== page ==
Though he has never been overtly political, Israel and Judaism have recurred in Reich's work since Tehillim. Reich's new commission for his birthday concert at the Barbican, Daniel Variations, takes its texts from the words of Daniel Pearl, the Jewish American journalist murdered in Pakistan, and the Old Testament Book of Daniel, from which he has chosen the part where Nebuchadnezzar has a terrifying dream. "The images in my head frightened me," says Reich, "because where I lived in New York was just four blocks away from the World Trade Centre." He says it's his darkest work yet.

But he's smiling and good-humoured as I leave, and not, I like to think, just because I'm leaving. Although his early battles are remembered with an acidity time has clearly not yet neutralised, Reich has succeeded in his revolution. The tide has turned against the serialists. He even has a generous word for Pierre Boulez. "I don't know about him as a composer, but he's the greatest living musician," he says. "You want to hear The Rite of Spring, baby, you get Boulez's recording with the Cleveland Orchestra."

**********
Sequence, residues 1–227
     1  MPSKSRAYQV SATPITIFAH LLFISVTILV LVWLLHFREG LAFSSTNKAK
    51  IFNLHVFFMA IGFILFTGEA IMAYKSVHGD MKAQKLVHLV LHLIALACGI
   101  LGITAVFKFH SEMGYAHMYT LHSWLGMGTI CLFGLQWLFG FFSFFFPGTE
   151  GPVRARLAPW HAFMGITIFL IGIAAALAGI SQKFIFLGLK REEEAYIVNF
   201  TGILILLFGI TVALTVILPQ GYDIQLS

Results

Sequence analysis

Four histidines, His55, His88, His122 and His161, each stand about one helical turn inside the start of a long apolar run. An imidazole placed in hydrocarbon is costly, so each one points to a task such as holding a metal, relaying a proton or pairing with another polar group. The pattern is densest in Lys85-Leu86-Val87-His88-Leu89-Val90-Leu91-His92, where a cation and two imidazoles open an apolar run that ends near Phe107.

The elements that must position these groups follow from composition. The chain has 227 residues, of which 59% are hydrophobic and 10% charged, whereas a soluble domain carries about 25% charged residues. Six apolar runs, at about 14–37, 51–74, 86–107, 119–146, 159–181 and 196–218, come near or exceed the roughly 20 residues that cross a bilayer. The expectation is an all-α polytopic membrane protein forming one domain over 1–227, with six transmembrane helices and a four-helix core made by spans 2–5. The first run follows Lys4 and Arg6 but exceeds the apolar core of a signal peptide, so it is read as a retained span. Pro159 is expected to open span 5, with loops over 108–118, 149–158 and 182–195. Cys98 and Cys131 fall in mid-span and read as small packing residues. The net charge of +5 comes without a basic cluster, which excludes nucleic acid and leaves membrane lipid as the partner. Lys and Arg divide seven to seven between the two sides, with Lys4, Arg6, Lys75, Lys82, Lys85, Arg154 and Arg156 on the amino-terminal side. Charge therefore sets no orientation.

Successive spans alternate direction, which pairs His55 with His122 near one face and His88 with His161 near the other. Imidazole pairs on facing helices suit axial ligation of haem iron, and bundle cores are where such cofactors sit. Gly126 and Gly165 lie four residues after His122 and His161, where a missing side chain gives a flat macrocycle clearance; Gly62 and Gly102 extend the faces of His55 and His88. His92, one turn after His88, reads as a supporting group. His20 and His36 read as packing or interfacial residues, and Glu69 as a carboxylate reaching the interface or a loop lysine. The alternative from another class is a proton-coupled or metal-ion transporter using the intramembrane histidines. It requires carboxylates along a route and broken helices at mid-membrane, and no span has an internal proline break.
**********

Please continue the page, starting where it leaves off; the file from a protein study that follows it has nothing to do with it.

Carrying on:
That's praise indeed from an energetic nearly-70-year-old who gives a good impression of not suffering fools gladly.

* Phases - The Music of Steve Reich runs at the Barbican, London EC2 (020 7638 8891/ www.barbican.org.uk), from Tuesday to 8 October. For details of other Steve Reich 70th birthday celebrations see www.stevereich.com